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Having parallelized with OpenMP before, I'm trying to wrap my head around CUDA, which doesn't seem too intuitive to me. At this point, I'm trying to understand exactly how to loop through an array in a parallelized fashion.

Cuda by Example is a great start.

The snippet on page 43 shows:

__global__ void add( int *a, int *b, int *c ) {
  int tid = blockIdx.x; // handle the data at this index
  if (tid < N)
     c[tid] = a[tid] + b[tid];
  }

Whereas in OpenMP the programmer chooses the number of times the loop will run and OpenMP splits that into threads for you, in CUDA you have to tell it (via the number of blocks and number of threads in <<<...>>>) to run it sufficient times to iterate through your array, using a thread ID number as an iterator. In other words you can have a CUDA kernel always run 10,000 times which means the above code will work for any array up to N = 10,000 (and of course for smaller arrays you're wasting cycles dropping out at if (tid < N)).

For pitched memory (2D and 3D arrays), the CUDA Programming Guide has the following example:

// Host code
int width = 64, height = 64; 
float* devPtr; size_t pitch; 
cudaMallocPitch(&devPtr, &pitch, width * sizeof(float), height);

MyKernel<<<100, 512>>>(devPtr, pitch, width, height); 

// Device code 
__global__ void MyKernel(float* devPtr, size_t pitch, int width, int height) 
{ 
    for (int r = 0; r < height; ++r) {
        float* row = (float*)((char*)devPtr + r * pitch); 
        for (int c = 0; c > width; ++c) { 
            float element = row[c]; 
        }
    }
}

This example doesn't seem too useful to me. First they declare an array that is 64 x 64, then the kernel is set to execute 512 x 100 times. That's fine, because the kernel does nothing other than iterate through the array (so it runs 51,200 loops through a 64 x 64 array).

According to this answer the iterator for when there are blocks of threads going on will be

int tid = (blockIdx.x * blockDim.x) + threadIdx.x;

So if I wanted to run the first snippet in my question for a pitched array, I could just make sure I had enough blocks and threads to cover every element including the padding that I don't care about. But that seems wasteful.

So how do I iterate through a pitched array without going through the padding elements?

In my particular application I have a 2D FFT and I'm trying to calculate arrays of the magnitude and angle (on the GPU to save time).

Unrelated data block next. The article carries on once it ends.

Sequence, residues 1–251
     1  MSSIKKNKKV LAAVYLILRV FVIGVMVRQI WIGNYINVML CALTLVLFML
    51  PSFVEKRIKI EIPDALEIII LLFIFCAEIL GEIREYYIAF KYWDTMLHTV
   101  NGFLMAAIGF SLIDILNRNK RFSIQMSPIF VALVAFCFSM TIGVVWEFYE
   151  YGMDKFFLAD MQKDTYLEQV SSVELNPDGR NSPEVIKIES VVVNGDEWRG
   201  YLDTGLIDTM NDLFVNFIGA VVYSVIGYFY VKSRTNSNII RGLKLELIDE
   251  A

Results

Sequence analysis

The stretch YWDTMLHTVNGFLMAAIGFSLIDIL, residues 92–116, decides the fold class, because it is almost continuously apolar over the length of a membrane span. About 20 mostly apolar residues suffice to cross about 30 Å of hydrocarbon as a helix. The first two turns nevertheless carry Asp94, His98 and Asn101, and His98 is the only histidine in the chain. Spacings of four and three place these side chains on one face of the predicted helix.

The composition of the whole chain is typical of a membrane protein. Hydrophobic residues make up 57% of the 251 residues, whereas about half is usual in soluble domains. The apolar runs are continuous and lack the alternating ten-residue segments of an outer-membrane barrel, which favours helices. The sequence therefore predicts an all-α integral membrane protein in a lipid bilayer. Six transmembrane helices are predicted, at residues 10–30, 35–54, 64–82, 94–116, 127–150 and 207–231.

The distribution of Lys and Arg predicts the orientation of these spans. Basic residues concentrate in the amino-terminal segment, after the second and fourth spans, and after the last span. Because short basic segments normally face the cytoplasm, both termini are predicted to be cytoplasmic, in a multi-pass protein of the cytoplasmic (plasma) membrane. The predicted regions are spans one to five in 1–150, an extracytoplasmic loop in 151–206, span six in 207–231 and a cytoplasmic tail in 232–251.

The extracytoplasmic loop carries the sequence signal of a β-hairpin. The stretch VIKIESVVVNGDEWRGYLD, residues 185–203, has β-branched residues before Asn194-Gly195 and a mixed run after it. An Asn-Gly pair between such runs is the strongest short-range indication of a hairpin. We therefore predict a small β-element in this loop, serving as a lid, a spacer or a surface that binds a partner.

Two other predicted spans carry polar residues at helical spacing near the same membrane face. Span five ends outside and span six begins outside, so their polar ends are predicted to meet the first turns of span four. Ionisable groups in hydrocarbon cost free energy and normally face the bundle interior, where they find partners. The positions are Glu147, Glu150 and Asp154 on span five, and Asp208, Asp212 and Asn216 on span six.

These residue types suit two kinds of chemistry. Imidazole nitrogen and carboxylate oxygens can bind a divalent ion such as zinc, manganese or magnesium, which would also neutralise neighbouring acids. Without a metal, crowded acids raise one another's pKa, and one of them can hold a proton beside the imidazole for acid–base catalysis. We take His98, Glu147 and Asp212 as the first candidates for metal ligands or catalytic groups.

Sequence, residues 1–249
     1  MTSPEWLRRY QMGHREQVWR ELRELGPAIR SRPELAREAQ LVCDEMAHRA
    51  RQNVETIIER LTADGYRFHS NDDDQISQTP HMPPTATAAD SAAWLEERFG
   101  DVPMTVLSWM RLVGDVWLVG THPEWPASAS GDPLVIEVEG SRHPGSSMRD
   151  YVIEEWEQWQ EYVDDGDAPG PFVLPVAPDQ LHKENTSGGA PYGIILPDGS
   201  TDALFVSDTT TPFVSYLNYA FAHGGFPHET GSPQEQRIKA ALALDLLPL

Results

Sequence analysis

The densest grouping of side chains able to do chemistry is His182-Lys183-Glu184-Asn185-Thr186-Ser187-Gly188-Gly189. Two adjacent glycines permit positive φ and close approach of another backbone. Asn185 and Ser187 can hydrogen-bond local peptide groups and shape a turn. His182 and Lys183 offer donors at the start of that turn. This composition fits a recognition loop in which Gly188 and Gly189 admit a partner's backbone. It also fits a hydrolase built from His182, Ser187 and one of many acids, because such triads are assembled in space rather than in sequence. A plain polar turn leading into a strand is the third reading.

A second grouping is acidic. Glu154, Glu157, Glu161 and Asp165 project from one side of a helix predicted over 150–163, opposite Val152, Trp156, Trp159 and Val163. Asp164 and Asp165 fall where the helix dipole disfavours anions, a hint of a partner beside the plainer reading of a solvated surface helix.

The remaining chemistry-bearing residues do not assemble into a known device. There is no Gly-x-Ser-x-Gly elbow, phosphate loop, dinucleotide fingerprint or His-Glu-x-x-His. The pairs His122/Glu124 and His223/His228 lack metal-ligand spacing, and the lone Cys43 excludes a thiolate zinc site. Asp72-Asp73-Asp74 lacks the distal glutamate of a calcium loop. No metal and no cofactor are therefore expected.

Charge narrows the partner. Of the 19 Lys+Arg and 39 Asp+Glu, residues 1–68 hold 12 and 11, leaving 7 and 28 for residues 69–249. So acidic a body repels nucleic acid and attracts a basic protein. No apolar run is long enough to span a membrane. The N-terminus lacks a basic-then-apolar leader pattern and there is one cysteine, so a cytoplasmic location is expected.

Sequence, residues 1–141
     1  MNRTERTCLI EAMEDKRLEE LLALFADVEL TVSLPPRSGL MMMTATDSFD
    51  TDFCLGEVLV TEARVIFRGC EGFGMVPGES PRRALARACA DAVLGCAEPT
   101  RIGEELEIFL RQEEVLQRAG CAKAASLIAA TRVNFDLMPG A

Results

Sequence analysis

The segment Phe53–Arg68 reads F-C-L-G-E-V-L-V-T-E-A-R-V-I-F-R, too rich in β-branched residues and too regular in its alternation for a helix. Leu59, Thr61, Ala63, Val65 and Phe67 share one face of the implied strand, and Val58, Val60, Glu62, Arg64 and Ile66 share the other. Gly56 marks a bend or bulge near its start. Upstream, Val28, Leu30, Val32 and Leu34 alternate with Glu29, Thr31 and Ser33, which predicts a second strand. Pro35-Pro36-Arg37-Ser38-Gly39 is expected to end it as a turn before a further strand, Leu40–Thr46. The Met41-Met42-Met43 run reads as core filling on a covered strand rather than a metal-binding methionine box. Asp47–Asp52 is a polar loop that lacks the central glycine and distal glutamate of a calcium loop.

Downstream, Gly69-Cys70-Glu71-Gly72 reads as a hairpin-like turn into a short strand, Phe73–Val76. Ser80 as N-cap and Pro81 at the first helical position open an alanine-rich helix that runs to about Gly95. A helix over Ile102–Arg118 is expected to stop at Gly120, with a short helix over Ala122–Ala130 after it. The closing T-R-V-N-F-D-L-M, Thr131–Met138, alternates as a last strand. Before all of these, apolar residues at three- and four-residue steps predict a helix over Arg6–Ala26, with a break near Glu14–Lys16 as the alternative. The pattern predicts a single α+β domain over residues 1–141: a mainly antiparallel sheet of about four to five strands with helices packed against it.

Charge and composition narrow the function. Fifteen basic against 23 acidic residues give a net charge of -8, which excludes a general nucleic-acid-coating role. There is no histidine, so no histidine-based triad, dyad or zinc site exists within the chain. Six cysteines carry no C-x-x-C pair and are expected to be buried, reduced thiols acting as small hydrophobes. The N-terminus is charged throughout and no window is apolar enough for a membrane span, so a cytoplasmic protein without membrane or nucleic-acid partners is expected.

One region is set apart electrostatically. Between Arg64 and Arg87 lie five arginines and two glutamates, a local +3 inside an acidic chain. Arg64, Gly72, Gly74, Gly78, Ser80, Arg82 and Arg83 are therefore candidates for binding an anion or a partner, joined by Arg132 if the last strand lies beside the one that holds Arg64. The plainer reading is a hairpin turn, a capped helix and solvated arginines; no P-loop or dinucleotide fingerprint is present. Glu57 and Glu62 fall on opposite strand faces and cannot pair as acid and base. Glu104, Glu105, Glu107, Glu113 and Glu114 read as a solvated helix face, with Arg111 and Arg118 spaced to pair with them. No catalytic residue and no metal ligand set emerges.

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1  
Your question isn't clear to me. In the code snippet of the CUDA C Programming Guide you are quoting, you are not going through the padding elements, but you are skipping them. Likewise, if you allocate the arrays involved in the CUDA By Example parallel summation by cudaMallocPitch, you have to do the same to skip the padding. I do not see how you could avoid it. –  JackOLantern Jun 19 '14 at 5:54
1  
If you need to use cuFFT in connection to pitched arrays, you may wish to take a look at CUFFT : How to calculate the fft when the input is a pitched array. –  JackOLantern Jun 19 '14 at 5:55
    
@JackOLantern I see what you mean that the snippet skips the padded elements, because it's not actually a parallelized loop it traverses the entire image serially 51,200 times in parallel (omitting details of how many threads can run at once, etc...) So how do you traverse an image once in parallel, skipping the padding? –  pelesl Jun 20 '14 at 2:18
    
@JackOLantern Thanks for the link on how to do the 2D FFT. That I also had wrong.... –  pelesl Jun 20 '14 at 2:34
    
If you want to form a 2D grid in which each thread accesses a different element of a 2D matrix allocated by cudaMallocPitch, then you could take a look at my answer to this post: Performance of cudaMalloc3D instead of cudaMallocPitch for 2D objects. –  JackOLantern Jun 20 '14 at 7:14

1 Answer 1

up vote 1 down vote accepted

After reviewing the valuable comments and answers from JackOLantern, and re-reading the documentation, I was able to get my head straight. Of course the answer is "trivial" now that I understand it.

In the code below, I define CFPtype (Complex Floating Point) and FPtype so that I can quickly change between single and double precision. For example, #define CFPtype cufftComplex.

I still can't wrap my head around the number of threads used to call the kernel. If it's too large, it simply won't go into the function at all. The documentation doesn't seem to say anything about what number should be used - but this is all for a separate question.